What Is a Hydrocelectomy?
A hydrocele is a pocket of watery fluid built up around the testicle, sometimes due to disease, injury, improper drainage, or abnormal development. An adult hydrocelectomy is the surgical procedure used to repair a hydrocele. Healthcare professionals do not normally recommend more conservative healthcare treatments, like injection therapy, since the problem may recur.
How Is an Adult Hydrocelectomy Performed?
During a hydrocelectomy, your healthcare professional cuts the skin over the hydrocele to drain the fluid. The testicle and the fluid are tested for viruses and cancerous cells. If the tests are clear, the double covering of the testicle is stitched to stop the liquid from building up again. The procedure is relatively minor, so hospital stay is usually only a day, but patients are required to stay home for at least two days after the surgery to recuperate. If the testicle is diseased, it may be removed, thus necessitating a slightly longer hospital stay and recovery time.
General Guidelines and Risks during a Hydrocelectomy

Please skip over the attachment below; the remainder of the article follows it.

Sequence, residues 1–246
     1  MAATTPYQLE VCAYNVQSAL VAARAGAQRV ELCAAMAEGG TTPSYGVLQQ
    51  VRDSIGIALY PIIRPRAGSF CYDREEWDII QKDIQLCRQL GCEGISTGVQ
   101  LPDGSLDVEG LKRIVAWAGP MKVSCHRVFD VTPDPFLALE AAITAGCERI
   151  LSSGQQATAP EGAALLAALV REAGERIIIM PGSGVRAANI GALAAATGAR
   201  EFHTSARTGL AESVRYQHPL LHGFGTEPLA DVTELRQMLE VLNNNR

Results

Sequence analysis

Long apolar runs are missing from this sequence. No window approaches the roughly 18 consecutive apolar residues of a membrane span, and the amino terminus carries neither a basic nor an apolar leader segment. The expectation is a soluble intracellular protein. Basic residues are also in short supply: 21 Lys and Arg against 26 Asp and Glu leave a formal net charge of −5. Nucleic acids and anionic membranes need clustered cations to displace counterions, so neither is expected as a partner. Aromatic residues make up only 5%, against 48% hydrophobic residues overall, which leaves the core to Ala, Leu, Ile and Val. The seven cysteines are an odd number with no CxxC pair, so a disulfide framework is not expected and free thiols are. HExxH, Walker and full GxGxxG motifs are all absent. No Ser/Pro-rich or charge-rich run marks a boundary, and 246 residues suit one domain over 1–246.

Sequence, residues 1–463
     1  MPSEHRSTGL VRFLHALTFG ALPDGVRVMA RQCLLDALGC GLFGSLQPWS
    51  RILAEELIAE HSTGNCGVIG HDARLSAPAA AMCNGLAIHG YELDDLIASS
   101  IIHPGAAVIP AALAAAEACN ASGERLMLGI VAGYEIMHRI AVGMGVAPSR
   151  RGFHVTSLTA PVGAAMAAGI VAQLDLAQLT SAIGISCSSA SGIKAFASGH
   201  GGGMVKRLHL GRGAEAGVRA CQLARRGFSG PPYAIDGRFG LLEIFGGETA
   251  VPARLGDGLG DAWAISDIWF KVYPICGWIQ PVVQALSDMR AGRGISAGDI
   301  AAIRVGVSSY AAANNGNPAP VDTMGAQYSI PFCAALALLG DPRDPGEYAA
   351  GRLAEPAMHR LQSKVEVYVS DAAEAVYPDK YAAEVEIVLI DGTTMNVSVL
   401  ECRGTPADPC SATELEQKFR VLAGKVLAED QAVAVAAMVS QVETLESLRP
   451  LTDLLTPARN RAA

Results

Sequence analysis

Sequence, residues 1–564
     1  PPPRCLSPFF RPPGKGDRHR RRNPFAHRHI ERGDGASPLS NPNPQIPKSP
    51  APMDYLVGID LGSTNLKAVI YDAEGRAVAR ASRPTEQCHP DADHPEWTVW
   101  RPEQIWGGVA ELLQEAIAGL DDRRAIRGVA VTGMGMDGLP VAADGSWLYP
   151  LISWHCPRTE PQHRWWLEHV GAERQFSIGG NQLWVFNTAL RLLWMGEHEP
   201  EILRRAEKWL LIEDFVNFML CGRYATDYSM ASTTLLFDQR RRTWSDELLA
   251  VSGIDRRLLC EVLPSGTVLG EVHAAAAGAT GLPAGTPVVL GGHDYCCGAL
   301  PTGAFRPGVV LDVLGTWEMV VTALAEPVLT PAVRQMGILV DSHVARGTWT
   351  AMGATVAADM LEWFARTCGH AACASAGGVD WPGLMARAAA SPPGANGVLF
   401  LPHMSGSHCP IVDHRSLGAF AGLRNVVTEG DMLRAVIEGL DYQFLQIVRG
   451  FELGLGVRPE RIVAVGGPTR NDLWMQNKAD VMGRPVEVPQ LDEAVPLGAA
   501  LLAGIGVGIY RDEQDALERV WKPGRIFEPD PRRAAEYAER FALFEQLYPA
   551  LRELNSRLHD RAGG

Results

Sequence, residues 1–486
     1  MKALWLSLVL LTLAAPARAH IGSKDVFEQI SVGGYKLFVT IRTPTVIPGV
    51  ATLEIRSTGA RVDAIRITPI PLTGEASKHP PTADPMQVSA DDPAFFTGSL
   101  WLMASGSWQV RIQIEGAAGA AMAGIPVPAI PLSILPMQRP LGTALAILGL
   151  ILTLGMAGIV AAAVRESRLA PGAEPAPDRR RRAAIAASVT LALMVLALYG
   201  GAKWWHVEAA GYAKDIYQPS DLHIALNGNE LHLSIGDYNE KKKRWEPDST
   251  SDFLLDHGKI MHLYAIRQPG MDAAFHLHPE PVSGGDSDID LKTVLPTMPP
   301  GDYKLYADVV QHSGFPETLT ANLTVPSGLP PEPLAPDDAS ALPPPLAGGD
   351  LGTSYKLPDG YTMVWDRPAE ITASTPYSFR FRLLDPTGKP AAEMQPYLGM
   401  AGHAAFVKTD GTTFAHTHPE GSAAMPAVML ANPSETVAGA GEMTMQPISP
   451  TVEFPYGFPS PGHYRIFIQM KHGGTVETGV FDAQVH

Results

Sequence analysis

Before an adult receives a hydrocelectomy, general tests are performed to determine the state of the patient. Patients are advised to quit smoking and control their weight if necessary. The wound takes 7 to 10 days to heal, after which the stitches are removed. It is important to pass urine within 6 to 12 hours of the surgery. The hospital might want to recheck the patient after a month, especially if a testicle was removed. The risks associated with the surgery are minimal and range from pain in the spine due to a spinal anesthetic to bruising and swelling if the hydrocele was large. A hydrocelectomy may result in infertility in rare cases, so it is important to discuss the details with your healthcare provider.